Implications of changing Caribbean coral reefs on Diadema antillarum larvae settlement

Tom Wijers*, Britt van Herpen, Djan Mattijssen, Albertinka J. Murk, Joshua T. Patterson, Alwin Hylkema

*Corresponding author for this work

Research output: Contribution to journalArticleAcademicpeer-review

1 Citation (Scopus)


Tropical western Atlantic reefs have gradually shifted from being dominated by corals to being mainly covered by macroalgae. The mass-mortality of the sea urchin Diadema antillarum in the 80s and the slow to non-existent recovery exacerbated this shift. Chemical cues associated with these reefs are expected to have shifted too with potential negative effects on larval recruitment, possibly limiting recovery of important species like D. antillarum. In this study, we tested the effects of naturally derived biofilm and macroalgae species native to Caribbean coral reefs on the settlement rate of cultured D. antillarum larvae in two separate experiments. Crustose coralline algae (CCA) were included in both experiments, making it possible to compare settlement rates from both experiments. A biofilm of one week old yielded significantly lower settlement rates compared to two, four, and six weeks old biofilm and the highest settlement rate was found for CCA with over 62% of total larvae. All six tested macroalgae species resulted in settled larvae, with little significant difference between algal species, partly due to a high variation in settlement rates within treatments. Sargassum fluitans induced the highest settlement rate with 33%, which was not significantly different from CCA with 29%. We conclude that dominant macroalgae species likely to be encountered by D. antillarum on shifted reefs are no major constraint to settlement. Our findings increase the understanding of alternative stable state settlement dynamics for a keystone coral reef herbivore.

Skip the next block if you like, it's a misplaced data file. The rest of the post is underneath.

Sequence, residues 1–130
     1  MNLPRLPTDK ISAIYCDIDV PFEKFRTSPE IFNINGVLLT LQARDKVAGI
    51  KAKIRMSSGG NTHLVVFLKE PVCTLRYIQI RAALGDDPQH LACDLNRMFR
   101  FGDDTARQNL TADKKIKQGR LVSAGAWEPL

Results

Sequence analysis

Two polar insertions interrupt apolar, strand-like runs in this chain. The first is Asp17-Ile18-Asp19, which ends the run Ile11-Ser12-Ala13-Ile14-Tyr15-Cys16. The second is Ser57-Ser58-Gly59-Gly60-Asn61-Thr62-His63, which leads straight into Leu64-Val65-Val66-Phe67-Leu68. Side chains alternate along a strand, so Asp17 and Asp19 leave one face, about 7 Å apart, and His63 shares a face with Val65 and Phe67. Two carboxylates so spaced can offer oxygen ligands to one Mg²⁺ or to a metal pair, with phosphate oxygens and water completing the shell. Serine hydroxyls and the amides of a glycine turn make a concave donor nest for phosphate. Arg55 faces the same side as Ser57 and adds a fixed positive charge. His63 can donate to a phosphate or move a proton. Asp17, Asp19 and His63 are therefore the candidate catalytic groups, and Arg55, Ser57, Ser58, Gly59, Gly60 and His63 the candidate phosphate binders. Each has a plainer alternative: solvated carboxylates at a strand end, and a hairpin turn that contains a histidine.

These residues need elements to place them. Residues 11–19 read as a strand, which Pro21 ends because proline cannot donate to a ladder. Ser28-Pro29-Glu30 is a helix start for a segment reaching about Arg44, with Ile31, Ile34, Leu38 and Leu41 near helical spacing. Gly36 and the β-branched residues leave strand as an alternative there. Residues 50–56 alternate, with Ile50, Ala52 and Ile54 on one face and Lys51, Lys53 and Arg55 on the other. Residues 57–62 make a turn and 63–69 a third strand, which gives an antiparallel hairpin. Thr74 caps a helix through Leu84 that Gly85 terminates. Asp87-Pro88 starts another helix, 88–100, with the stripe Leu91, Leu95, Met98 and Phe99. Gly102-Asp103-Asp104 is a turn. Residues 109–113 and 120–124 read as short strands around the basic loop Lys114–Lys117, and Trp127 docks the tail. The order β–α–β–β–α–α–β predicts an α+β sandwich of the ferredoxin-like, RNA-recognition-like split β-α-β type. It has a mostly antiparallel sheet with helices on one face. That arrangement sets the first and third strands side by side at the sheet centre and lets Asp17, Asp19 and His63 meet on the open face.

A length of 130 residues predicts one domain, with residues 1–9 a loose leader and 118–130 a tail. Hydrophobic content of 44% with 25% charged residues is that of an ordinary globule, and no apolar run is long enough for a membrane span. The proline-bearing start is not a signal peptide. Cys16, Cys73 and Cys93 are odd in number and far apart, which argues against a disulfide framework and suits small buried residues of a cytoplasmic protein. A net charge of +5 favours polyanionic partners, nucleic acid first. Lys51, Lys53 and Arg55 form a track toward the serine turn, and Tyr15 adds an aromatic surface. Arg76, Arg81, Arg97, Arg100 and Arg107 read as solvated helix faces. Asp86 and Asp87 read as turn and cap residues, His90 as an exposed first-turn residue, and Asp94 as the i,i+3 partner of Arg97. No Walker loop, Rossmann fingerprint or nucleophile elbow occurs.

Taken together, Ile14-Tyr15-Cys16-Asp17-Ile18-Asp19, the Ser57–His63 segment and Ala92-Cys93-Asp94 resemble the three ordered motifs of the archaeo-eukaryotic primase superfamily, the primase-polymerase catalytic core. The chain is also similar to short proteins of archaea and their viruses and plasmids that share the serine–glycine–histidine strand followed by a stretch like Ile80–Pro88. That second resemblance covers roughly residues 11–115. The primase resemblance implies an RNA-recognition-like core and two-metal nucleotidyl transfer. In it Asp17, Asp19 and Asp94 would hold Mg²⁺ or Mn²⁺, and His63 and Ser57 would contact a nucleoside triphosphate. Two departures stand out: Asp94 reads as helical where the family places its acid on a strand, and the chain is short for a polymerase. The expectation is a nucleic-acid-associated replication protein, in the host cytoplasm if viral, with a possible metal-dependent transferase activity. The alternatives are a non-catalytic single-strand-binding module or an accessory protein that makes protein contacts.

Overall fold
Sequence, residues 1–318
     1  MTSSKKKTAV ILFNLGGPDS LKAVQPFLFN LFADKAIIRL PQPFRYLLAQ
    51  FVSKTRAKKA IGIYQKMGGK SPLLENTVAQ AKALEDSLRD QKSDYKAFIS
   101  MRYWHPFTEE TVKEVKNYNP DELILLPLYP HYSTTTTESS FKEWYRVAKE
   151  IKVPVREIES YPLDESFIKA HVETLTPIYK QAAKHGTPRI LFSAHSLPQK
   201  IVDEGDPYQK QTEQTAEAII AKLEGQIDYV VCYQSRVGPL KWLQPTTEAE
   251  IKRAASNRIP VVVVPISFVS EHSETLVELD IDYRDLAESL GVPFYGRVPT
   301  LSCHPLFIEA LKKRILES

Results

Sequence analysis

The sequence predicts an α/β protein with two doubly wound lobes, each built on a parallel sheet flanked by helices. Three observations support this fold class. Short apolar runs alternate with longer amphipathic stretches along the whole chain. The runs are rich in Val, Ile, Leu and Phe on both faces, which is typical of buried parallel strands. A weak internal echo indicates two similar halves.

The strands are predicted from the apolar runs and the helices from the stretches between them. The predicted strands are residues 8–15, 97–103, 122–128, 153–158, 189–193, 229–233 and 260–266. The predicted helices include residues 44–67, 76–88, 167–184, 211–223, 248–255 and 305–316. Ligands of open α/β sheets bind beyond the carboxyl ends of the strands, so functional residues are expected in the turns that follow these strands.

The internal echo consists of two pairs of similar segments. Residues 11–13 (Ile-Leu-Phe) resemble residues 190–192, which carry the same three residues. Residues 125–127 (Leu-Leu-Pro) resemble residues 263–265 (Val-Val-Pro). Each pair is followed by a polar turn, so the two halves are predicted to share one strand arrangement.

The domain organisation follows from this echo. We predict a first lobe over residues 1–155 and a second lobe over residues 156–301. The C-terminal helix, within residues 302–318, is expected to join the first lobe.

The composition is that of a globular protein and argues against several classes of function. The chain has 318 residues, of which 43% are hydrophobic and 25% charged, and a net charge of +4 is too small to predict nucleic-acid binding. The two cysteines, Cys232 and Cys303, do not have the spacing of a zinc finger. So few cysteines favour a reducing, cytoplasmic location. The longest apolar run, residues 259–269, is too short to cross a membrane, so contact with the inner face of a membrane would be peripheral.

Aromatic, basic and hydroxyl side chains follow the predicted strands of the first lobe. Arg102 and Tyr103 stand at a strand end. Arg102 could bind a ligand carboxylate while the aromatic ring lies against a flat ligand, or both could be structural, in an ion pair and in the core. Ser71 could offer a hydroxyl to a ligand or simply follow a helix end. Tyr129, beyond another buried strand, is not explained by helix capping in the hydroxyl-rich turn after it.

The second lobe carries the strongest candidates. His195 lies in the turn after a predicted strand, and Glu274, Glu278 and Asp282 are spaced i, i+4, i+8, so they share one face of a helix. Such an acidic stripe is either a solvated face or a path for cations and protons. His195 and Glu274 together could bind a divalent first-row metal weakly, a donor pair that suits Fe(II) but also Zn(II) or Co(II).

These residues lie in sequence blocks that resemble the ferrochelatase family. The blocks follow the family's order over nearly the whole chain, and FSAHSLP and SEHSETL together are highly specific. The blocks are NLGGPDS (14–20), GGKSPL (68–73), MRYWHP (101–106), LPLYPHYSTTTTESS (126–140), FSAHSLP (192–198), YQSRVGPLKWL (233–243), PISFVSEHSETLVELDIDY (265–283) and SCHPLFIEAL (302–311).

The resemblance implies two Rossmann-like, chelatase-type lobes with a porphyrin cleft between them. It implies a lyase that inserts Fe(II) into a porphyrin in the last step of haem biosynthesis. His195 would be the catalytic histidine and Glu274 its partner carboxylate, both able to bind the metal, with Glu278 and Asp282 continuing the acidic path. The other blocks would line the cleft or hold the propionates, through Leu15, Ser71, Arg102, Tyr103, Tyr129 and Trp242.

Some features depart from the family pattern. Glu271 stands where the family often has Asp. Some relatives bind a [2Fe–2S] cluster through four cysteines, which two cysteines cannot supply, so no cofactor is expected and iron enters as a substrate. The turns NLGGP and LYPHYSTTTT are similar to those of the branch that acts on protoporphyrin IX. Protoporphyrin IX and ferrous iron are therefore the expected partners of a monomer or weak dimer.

Original languageEnglish
Article number48
JournalMarine Biology
Issue number2
Publication statusPublished - Jan 2024


  • Biofilm
  • Crustose coralline algae
  • Larval settlement
  • Macroalgae
  • Recruitment


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